Ask A Woman: Dress to impress…the ladies or the men?
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Maybe you’ve heard the expression that men dress for women, and women dress for…other women. While I don’t think that statement is true all or even most of the time (for men or for women), I understand why we might be prone to think that. There are a lot of things women wear that I’ve heard countless men say they dislike, and yet women wear them anyway. When women are indeed dressing for other women, the reasons tend to be complicated. First of all, women are socialized to compete with each other for attention and positive reinforcement in a way that men are not. (Yes, men are socialized to compete with each other in other ways that are detrimental, but that’s not really in the scope of this post.) Women are taught that it’s important to be pretty, to be good, to be virtuous, to be sexy (mixed message alert!), to be thin. We’re also taught that our biggest barrier to being perceived as any of these things is comparison to other women. If our friend is sexier, thinner, prettier, our prospects for attention and resources are lessened.
So at it’s worst, when women dress for other women, we may be trying to one-up each other. What up, Emily, Ima cinch my waist so tight with this belt and wear this fall’s hottest new boots so you know I’m hotter and have better taste than you–eat it. I mean, you know, in a manner of speaking. This sort of thinking is most prevalent around young women–teens, early twenties, maybe mid-twenties–but hopefully it peters out soon into adulthood because it’s nonsense, and a distracting barrier to fulfilling friendships. Often our motivations are less nefarious, we just really care about being perceived by other women as well-dressed and attractive. So we dress carefully when we know we’ll see a friend whose style we admire, in the hopes of garnering positive reinforcement from her.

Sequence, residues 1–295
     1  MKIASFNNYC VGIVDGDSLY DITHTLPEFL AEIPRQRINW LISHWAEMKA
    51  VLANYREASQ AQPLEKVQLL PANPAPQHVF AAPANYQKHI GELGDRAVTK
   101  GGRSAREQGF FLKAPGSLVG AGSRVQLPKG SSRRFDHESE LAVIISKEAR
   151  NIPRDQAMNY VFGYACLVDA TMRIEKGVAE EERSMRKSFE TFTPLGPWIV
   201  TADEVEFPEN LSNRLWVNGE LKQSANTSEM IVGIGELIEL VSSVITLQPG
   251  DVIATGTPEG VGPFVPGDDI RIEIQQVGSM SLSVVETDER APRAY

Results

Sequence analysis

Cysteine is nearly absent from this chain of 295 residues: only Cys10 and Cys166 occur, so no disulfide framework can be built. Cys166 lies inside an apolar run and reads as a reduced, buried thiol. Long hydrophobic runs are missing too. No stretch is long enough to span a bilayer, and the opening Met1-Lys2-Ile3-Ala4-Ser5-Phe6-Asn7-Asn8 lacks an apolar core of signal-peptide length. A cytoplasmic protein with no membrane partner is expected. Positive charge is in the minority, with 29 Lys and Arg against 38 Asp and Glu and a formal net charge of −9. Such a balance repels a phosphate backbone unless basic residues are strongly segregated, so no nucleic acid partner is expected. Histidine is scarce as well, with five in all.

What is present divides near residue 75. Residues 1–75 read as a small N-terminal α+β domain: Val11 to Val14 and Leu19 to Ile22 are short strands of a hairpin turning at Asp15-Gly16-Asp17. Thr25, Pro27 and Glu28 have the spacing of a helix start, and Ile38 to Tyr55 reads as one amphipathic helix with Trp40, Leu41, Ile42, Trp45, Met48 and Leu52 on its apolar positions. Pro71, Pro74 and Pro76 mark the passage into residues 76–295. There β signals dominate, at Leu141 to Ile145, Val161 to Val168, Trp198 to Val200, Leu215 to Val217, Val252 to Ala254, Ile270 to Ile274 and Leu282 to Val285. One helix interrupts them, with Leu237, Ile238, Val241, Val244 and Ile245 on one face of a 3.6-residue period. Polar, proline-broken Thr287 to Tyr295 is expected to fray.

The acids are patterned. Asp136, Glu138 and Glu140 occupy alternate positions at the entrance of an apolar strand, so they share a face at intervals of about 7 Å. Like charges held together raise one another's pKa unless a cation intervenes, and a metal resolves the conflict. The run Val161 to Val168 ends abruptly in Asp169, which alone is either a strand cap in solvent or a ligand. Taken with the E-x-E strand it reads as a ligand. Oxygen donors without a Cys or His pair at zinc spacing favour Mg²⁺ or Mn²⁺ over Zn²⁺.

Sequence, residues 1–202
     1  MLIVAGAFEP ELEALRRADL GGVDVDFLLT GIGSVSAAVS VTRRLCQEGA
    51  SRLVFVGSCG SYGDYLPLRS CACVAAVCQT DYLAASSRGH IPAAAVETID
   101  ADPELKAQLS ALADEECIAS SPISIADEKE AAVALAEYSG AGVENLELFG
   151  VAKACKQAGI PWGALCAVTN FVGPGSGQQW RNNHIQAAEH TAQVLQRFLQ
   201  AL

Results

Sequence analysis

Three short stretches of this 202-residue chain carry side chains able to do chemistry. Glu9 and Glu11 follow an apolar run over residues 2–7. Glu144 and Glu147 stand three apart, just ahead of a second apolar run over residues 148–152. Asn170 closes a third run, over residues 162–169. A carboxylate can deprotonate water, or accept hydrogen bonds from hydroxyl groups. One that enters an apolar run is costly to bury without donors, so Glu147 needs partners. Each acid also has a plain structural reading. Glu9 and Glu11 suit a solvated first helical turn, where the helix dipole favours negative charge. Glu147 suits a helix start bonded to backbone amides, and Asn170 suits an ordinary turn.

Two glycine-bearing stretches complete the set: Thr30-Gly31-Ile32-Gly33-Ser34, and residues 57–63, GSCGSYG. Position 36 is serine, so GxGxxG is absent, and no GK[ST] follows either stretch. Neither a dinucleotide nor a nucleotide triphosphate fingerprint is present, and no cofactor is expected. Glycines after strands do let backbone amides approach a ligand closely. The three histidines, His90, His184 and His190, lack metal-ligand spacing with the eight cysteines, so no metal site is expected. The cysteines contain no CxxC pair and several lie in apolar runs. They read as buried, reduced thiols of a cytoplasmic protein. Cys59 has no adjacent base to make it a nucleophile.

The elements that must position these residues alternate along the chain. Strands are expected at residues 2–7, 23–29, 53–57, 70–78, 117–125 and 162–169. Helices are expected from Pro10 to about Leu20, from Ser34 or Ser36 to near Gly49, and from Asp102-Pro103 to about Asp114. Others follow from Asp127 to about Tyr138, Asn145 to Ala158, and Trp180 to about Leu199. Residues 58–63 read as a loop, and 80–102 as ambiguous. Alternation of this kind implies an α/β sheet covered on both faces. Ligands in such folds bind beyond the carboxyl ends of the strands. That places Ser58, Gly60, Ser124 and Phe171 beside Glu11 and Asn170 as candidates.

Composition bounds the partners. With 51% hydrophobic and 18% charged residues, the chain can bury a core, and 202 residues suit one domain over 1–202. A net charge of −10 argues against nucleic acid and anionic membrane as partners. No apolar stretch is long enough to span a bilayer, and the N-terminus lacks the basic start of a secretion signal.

There’s an actual blog called The Man Repeller, based on the clothing and styles women love to wear, and men love to hate. Interesting concept, no?
I do think that women dress for men, too. This is probably more true for women looking for a mate, or at the beginning of a relationship. It just makes sense to dress in ways that potential (or new) boyfriends will find appealing. Later on the ladies are more prone to wear the leopard print blouse you find tacky, or to lounge around the house in those holey sweatpants with the tight elastic bands at the bottom that you simply detest (not that I’m speaking from personal experience, I lounge only in the finest silks and cashmere in only the most flattering cuts). For those who’ve been coupled up for longer periods of time, special occasions like anniversaries and big nights out are likely to find your lady wearing a dress she knows you love her in, or wearing her hair down just for you even though she usually puts it up.
Besides the two options of women dressing for other women or women dressing for men, there’s a third option. Women dressing for themselves. Hey-ooooo! I have to say that at this point in my life, this third option is the reason I wear what I wear most of the time. I wear clothing that I think is flattering on my body shape. I wear clothing that complements the mood I’m in. I wear clothing that I find beautiful and fun and elegant, hoping that some of those qualities will rub off on me while I wear those pieces. Sometimes I get compliments from men and/or women on what I wear, and it’s great, very flattering, but I still find it more important to listen to my own internal style navigation. I’m certainly not alone in dressing for myself, and I think most people–men and women–eventually get to that point. I highly recommend it. Wearing four-inch heels to impress your friends or a scandalously short skirt to attract men gets old in a hurry.
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